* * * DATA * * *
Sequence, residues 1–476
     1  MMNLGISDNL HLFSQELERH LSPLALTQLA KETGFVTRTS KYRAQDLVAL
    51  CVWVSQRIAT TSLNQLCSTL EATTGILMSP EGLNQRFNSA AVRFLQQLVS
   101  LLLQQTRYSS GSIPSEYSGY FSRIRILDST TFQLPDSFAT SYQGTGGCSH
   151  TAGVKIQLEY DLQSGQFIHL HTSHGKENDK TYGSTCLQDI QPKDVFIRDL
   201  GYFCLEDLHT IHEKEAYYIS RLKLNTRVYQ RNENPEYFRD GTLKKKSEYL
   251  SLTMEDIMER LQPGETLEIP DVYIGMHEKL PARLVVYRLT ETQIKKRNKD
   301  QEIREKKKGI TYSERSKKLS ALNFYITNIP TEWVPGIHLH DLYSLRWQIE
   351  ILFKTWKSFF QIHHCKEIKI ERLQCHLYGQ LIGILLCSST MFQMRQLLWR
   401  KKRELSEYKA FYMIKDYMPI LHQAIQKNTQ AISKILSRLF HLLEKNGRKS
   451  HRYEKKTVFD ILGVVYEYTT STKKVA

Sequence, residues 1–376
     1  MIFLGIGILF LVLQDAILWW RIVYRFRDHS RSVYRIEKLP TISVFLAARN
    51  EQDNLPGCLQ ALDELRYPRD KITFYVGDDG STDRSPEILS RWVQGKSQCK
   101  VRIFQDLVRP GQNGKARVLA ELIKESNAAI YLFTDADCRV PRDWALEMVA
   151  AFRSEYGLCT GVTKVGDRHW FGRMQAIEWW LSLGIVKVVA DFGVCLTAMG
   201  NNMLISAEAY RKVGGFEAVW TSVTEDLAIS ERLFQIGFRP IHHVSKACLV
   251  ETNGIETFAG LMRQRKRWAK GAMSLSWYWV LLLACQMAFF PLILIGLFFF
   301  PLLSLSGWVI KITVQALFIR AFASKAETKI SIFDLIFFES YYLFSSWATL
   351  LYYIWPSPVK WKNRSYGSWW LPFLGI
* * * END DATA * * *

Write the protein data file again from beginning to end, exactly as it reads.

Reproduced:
Sequence, residues 1–476
     1  MMNLGISDNL HLFSQELERH LSPLALTQLA KETGFVTRTS KYRAQDLVAL
    51  CVWVSQRIAT TSLNQLCSTL EATTGILMSP EGLNQRFNSA AVRFLQQLVS
   101  LLLQQTRYSS GSIPSEYSGY FSRIRILDST TFQLPDSFAT SYQGTGGCSH
   151  TAGVKIQLEY DLQSGQFIHL HTSHGKENDK TYGSTCLQDI QPKDVFIRDL
   201  GYFCLEDLHT IHEKEAYYIS RLKLNTRVYQ RNENPEYFRD GTLKKKSEYL
   251  SLTMEDIMER LQPGETLEIP DVYIGMHEKL PARLVVYRLT ETQIKKRNKD
   301  QEIREKKKGI TYSERSKKLS ALNFYITNIP TEWVPGIHLH DLYSLRWQIE
   351  ILFKTWKSFF QIHHCKEIKI ERLQCHLYGQ LIGILLCSST MFQMRQLLWR
   401  KKRELSEYKA FYMIKDYMPI LHQAIQKNTQ AISKILSRLF HLLEKNGRKS
   451  HRYEKKTVFD ILGVVYEYTT STKKVA

Sequence, residues 1–376
     1  MIFLGIGILF LVLQDAILWW RIVYRFRDHS RSVYRIEKLP TISVFLAARN
    51  EQDNLPGCLQ ALDELRYPRD KITFYVGDDG STDRSPEILS RWVQGKSQCK
   101  VRIFQDLVRP GQNGKARVLA ELIKESNAAI YLFTDADCRV PRDWALEMVA
   151  AFRSEYGLCT GVTKVGDRHW FGRMQAIEWW LSLGIVKVVA DFGVCLTAMG
   201  NNMLISAEAY RKVGGFEAVW TSVTEDLAIS ERLFQIGFRP IHHVSKACLV
   251  ETNGIETFAG LMRQRKRWAK GAMSLSWYWV LLLACQMAFF PLILIGLFFF
   301  PLLSLSGWVI KITVQALFIR AFASKAETKI SIFDLIFFES YYLFSSWATL
   351  LYYIWPSPVK WKNRSYGSWW LPFLGI